Finally I want to note John’s exhortation to the Church in Ephesus in Revelation chapter 2. The message opens with how well they do, religiously speaking. They have the right doctrines, they have the right practices and perseverance. But what does Jesus say to this church? He says that they have left their first love. Some translations say that they have forsaken the love that they had in the beginning. Many people take this verse to mean that they left Jesus, their first love. I don’t believe this is what it is saying. I believe the exhortation is saying that people forgot to love each other deeply as they once had, once the religious machine took hold.

My conclusion is that a Church assembly has to be built on authentic love for each other. It has to be built on the heart of genuine community where people are knit together at the heart. It has to take place where people are already sharing in the deepest bonds of friendship and love. It also has to remain there. It can become nothing else. Once it does, it is as the church of Ephesus.

Yes, it is good not to forsake a genuine, authentic assembly. But more importantly, don’t forsake the love we had at the beginning, or our first love. You can have love without assembly and do well. But an assembly without that love becomes a destructive, religious machine.

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One response to “The Assembly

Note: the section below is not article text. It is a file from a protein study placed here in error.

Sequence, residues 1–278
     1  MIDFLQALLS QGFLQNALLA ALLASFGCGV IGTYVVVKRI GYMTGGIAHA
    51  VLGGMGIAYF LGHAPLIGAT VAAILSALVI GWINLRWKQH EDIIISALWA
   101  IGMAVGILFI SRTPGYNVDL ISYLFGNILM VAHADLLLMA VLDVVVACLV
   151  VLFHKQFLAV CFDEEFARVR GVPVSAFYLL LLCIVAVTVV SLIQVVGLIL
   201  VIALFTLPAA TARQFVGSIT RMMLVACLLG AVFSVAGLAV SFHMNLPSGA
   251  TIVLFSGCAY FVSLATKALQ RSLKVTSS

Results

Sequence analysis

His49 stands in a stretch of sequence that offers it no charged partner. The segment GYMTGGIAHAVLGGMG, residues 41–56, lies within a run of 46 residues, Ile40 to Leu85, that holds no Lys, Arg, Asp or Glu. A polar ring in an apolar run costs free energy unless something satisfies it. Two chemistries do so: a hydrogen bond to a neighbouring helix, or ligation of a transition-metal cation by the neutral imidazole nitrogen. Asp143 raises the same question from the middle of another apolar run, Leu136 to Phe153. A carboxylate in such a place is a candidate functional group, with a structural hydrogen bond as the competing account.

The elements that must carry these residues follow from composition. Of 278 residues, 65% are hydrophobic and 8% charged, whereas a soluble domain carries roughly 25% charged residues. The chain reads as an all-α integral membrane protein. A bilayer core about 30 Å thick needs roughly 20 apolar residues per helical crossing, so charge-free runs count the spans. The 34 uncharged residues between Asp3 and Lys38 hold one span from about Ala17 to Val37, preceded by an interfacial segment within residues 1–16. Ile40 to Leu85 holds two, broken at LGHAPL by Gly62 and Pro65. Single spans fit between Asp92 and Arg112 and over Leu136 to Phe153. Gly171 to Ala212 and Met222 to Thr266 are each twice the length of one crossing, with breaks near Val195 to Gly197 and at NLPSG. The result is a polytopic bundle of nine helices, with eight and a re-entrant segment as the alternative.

1. Another good submission, David. Brother Backus makes many good points. I would, however, say that sometimes a lecture on Bible is a good thing. However, do we need a lecture EVERY week? i think it would be far more beneficial if it was something we looked forward to with anticipation, not endured every week. (And really, do we actually remember what we hear every week?) Also, true musical worship (which is admittedly a rarity these days) is not only beneficial but Biblical. However, music has been so perfected and professional that the congregation is intimidated to participate, and often stands (or sits) mute. I, too, was very lonely for true Christian worship. I was blessed to find a small group of Christians who are all about relational discipleship, although it still maintains something of the structure of a denominational church. I am willing to overlook a strong Calvinistic leaning because our root objective is growing in love for each other and, more importantly, with Jesus.